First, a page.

Gene
On 2/6/2022 11:51 AM, Brian Vogel wrote:
How this topic ever came to have been started there, I will never know or understand, but since that group is unmoderated, it stayed.  There has been enough interesting conversation about Narrator, NVDA, and screen readers across platforms in general, and how various people are using them, that I thought I'd make our readership aware of that topic.  If you want to have a look:  Narrator vs NVDA

It's touched on more than just Narrator and NVDA and has had some really interesting meta-discussion about screen readers in general.
--

Brian - Windows 10, 64-Bit, Version 21H2, Build 19044  

I neither need nor want to be appeased, but apprised.  Inconvenient truth is preferable to convenient (for the liar) lies.

     ~ Brian Vogel

 


Re: Topic "Narrator vs NVDA" on Blind Android Users Group

 

On Sun, Feb 6, 2022 at 02:03 PM, Gene wrote:
This message turned out to be longer than I expected.  Read it when you have time and interest.
-
Gene, no snark intended, but I called it a "topic" because it is just that, and already has in excess of 20 messages.  And if anyone ever sees me use the term meta-discussion it means that the conversation has had interesting and pertinent side loops that are not directly about things the title indicates.  And in the case of screen readers, their features, and alternate access methods the whole conversation "goes meta" pretty darned quickly.  In this particular case discussions of use of touch on the Android platform compared and contrasted to what's available on the PC platform were introduced.  The topic is wide ranging, but around a central core of how certain features can be, and are, exploited by different users.  It was fun for me to watch the proverbial light bulbs go off above the heads of various readers when techniques they'd never even thought existed were introduced.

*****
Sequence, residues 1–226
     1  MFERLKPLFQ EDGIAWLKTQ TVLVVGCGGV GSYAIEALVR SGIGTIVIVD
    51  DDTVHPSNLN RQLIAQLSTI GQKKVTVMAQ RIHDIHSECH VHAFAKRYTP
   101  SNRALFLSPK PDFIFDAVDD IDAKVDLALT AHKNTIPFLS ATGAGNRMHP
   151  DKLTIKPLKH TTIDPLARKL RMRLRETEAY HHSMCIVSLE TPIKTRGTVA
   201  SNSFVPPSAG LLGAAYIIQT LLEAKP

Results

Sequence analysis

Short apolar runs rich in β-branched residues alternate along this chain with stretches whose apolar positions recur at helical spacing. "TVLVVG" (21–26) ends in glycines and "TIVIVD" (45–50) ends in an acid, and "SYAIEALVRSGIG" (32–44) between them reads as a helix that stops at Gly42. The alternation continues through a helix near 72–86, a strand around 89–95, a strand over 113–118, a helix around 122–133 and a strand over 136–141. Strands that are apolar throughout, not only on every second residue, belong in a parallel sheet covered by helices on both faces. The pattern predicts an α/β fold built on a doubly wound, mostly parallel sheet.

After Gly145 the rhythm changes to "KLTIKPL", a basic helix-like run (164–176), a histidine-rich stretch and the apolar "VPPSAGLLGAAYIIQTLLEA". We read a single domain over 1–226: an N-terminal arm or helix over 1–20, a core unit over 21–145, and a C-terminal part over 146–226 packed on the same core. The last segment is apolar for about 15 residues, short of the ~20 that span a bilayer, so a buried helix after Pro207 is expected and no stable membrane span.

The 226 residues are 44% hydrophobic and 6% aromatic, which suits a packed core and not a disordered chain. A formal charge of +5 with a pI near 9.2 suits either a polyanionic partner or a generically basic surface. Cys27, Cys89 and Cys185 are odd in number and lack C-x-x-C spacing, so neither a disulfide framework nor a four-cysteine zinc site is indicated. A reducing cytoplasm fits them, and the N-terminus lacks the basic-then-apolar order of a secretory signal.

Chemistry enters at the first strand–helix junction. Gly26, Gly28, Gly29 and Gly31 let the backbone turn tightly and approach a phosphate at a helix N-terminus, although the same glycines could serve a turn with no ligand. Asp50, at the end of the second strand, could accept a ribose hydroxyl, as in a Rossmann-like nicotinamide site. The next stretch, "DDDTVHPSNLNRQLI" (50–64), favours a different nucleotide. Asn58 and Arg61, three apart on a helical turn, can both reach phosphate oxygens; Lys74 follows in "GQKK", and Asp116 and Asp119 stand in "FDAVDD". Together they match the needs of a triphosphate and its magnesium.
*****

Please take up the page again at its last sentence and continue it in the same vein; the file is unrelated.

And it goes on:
It's not a short read, but for those who decide they have an interest after about the first 5 offerings it's well worth continuing to read.  If not, then stop reading.
--

Brian - Windows 10, 64-Bit, Version 21H2, Build 19044  

I neither need nor want to be appeased, but apprised.  Inconvenient truth is preferable to convenient (for the liar) lies.

     ~ Brian Vogel

 


Re: Under what circumstances does nvda+ctrl+space work

Rowen Cary
 

Hi Gene,

Thanks a lot for the tip, it seems to be a confusion from the inconsistency of the input help with the description in the documentation.

Grateful

On Sun, Feb 6, 2022 at 11:44 PM, Gene wrote:

The input help description should be rewritten to present the same information as the summary in the manual entry.

The command returns you to the web page you were working on before you worked with the items discussed below.

6.4. Embedded Objects

Pages can include rich content using technologies such as Oracle Java and HTML5, as well as applications and dialogs. Where these are encountered in browse mode, NVDA will report "embedded object", "application" or "dialog", respectively. You can quickly move to them using the o and shift+o embedded object single letter navigation keys. To interact with these objects, you can press enter on them. If it is accessible, you can then tab around it and interact with it like any other application. A key command is provided to return to the original page containing the embedded object: Name Key Description Move to containing browse mode document NVDA+control+space Moves the focus out of the current embedded object and into the document that contains it

On 2/6/2022 4:04 AM, Rowen Cary wrote: > > Hi all, > > As the title describes, the description for the gesture in input help > mode is "Moves the focus to the next closest document that contains > the focus". My understanding is: If there is a software with a webView > embedded object, I can perform this gesture to navigate the system > focus to the webView. The truth is that it doesn't do anything. Is > this an NVDA bug? > > thanks > >


Re: Topic "Narrator vs NVDA" on Blind Android Users Group

Gene
 

This message turned out to be longer than I expected.  Read it when you have time and interest.


I read the discussion and I was reminded, speaking of how to use different access methods, of one I almost never see discussed.  People discuss object navigation off and on but one command related to that is NVDA key b.

My impression is that people tend to think of that command as a read dialog command, but it is much more.  What that command does is read every object on the screen. 


I don't use the command that much but I find it very useful to know.


It may be cumbersome and take more time than you want to expend to find something in this way, depending on where it is and how long it takes NVDA to move through the objects to get there but there are times I find things that way I don't find by manually using object navigation.  I don't know if that is because the structure is complex enough that I miss it or if it is not accessible by manually moving through objects for some reason.